Stanley Odd, Loki at the Garage, 13/12/14

Though the G2 is a relatively small venue, the intimate environment is absolutely ideal for Stanley Odd, the six-piece hip-hop powerhouse, whose headline show tonight marks the end of a successful tour and a remarkable year.

Appearing in support of their most recent album, A Thing Brand New, the band fuse a variety of musical styles together to create a unique and exhilaratingly original sound, the musician’s instrumental skills being complimented perfectly by the tremendous lyrical prowess of frontman MC Solareye.

 

Before they take to the stage, however, Glasgow rapper Loki delivers a well-received warm-up set, joined himself by singer Becci Wallace on guitar and vocals.

Loki is a long-established veteran of the Glasgow music scene, having won continuous accolades throughout his long and varied rapping career, but tonight the volume of the audience, combined with less-than-ideal sound mixing, interferes somewhat with the clarity of his performance.

For an artist like Loki, it’s important that his extremely well-crafted lyrics are audible, but though this proves something of a hindrance tonight, he himself remains unfazed by the noise levels and still manages to deliver a charismatic and intriguing performance, the song ‘Best Friends’ proving to be a particular highlight.

Solareye is the first on stage after Loki, rapping alone as one by one the other musicians appear behind him, the full band suddenly exploding into life on the first chorus of set-opener ‘Get Back in the Basement’.

Following on with ‘To Be This Good Takes Stages’, it quickly becomes clear that most of tonight’s set will be drawn from the band’s latest album, and with the audience clearly already very familiar with the new material, this seems like an excellent move.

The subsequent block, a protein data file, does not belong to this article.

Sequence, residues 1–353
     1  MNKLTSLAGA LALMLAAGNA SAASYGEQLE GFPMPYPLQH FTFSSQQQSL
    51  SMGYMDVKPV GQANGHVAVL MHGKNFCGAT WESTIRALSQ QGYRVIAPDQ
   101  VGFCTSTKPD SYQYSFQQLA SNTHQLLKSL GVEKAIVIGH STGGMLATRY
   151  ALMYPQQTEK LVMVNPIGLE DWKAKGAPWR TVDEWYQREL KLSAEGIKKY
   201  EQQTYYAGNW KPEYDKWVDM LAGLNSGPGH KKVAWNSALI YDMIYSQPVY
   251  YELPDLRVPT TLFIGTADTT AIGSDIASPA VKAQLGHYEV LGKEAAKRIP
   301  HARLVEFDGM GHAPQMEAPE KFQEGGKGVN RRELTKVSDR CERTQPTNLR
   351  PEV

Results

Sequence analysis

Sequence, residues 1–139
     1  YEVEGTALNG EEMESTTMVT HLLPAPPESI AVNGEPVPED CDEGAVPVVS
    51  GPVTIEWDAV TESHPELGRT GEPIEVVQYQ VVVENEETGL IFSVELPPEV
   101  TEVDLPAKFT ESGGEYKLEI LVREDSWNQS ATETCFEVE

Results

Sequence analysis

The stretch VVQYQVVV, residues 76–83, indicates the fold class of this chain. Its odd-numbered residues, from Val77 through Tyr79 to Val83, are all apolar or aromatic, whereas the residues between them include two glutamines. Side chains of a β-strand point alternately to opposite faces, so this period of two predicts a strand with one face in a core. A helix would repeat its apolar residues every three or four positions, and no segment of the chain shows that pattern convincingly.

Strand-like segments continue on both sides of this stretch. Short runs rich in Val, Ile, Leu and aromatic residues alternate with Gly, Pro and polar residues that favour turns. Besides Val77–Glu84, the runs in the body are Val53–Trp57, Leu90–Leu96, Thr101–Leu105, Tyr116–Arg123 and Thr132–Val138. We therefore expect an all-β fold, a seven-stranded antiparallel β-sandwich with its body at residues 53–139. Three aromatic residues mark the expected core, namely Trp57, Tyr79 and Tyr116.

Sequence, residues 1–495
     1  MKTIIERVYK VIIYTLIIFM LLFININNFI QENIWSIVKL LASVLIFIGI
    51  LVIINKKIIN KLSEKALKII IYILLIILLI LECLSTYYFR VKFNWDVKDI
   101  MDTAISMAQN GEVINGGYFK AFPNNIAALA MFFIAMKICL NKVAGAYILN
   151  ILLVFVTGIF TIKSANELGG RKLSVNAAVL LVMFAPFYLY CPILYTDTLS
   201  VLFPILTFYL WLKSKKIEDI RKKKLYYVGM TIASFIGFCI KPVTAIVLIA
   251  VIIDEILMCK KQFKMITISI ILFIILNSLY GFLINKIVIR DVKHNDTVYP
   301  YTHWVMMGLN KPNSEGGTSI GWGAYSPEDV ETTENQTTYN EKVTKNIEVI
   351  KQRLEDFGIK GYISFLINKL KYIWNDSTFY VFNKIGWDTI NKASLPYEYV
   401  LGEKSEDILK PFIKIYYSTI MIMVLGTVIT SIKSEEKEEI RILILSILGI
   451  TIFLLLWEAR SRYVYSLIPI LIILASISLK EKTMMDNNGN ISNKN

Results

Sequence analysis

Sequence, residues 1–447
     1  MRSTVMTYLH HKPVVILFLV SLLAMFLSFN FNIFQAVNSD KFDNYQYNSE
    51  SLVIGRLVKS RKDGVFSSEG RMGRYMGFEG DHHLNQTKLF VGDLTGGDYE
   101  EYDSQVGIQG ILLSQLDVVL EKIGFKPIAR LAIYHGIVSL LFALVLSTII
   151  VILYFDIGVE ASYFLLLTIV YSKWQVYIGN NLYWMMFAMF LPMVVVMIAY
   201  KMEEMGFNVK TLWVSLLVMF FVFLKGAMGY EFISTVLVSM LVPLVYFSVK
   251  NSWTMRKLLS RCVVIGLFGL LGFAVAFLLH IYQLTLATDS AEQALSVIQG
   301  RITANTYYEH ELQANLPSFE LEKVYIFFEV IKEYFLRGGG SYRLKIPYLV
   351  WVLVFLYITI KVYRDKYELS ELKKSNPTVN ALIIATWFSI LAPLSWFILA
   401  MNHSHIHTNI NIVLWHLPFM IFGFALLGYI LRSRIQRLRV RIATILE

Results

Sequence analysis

Of those songs selected from A Thing Brand New, both lead single ‘Pastime’ and the haunting ‘Put Your Roots Down’ stand out in particular, the former for the swaggeringly confident vocal delivery and striking use of blues slide-guitar and the latter for its lyrical sensitivity and touching subject matter, the song concerning the moment Solareye found out he was going to be a father.

Another highpoint of the set comes with ‘Son I Voted Yes’, a stirring reflection on the recent Independence debate with a distinctly anthemic quality, made all the more impressive with the entire audience singing passionately along.

When the band do turn their attention to material from the previous albums, however, the audience greet old favourites with roars of approval and set-closer ‘Think of a Number’, originally recorded for 2010’s Oddio, brings the joyous atmosphere to fever-pitch.

In both tonight’s performance and their back-catalogue as a whole, Stanley Odd’s most appealing quality is their ability to face up to the often bleak reality of modern society, while still leaving their audience with a sense of hope, a sense that they themselves can somehow tackle the problems and injustices Solareye’s fiery lyrics are so good at summing up.

This, combined with a wry sense of humour, their refreshingly original instrumentation and Solareye’s brilliant stage presence, makes Stanley Odd one of the most exciting acts currently working in Scotland, not only in their chosen genre but in the country as a whole.

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Words: Malcolm Higgins
Photos: Jayjay Robertson

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